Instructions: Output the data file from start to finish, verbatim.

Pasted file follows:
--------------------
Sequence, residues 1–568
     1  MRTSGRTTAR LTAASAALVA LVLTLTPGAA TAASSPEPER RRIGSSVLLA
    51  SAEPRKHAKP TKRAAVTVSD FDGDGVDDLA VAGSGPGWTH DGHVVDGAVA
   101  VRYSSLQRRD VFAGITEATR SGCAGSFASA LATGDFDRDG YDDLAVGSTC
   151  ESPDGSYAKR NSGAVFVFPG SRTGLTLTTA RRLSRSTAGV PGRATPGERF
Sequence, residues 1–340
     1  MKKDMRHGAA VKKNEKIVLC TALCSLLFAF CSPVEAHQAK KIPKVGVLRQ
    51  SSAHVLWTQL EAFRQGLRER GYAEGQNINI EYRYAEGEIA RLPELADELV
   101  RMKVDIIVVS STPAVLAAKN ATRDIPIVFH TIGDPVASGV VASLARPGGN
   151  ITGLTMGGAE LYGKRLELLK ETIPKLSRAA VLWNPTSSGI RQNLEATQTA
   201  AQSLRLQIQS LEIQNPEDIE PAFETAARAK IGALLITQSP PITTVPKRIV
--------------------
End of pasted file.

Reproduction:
Sequence, residues 1–568
     1  MRTSGRTTAR LTAASAALVA LVLTLTPGAA TAASSPEPER RRIGSSVLLA
    51  SAEPRKHAKP TKRAAVTVSD FDGDGVDDLA VAGSGPGWTH DGHVVDGAVA
   101  VRYSSLQRRD VFAGITEATR SGCAGSFASA LATGDFDRDG YDDLAVGSTC
   151  ESPDGSYAKR NSGAVFVFPG SRTGLTLTTA RRLSRSTAGV PGRATPGERF
Sequence, residues 1–340
     1  MKKDMRHGAA VKKNEKIVLC TALCSLLFAF CSPVEAHQAK KIPKVGVLRQ
    51  SSAHVLWTQL EAFRQGLRER GYAEGQNINI EYRYAEGEIA RLPELADELV
   101  RMKVDIIVVS STPAVLAAKN ATRDIPIVFH TIGDPVASGV VASLARPGGN
   151  ITGLTMGGAE LYGKRLELLK ETIPKLSRAA VLWNPTSSGI RQNLEATQTA
   201  AQSLRLQIQS LEIQNPEDIE PAFETAARAK IGALLITQSP PITTVPKRIV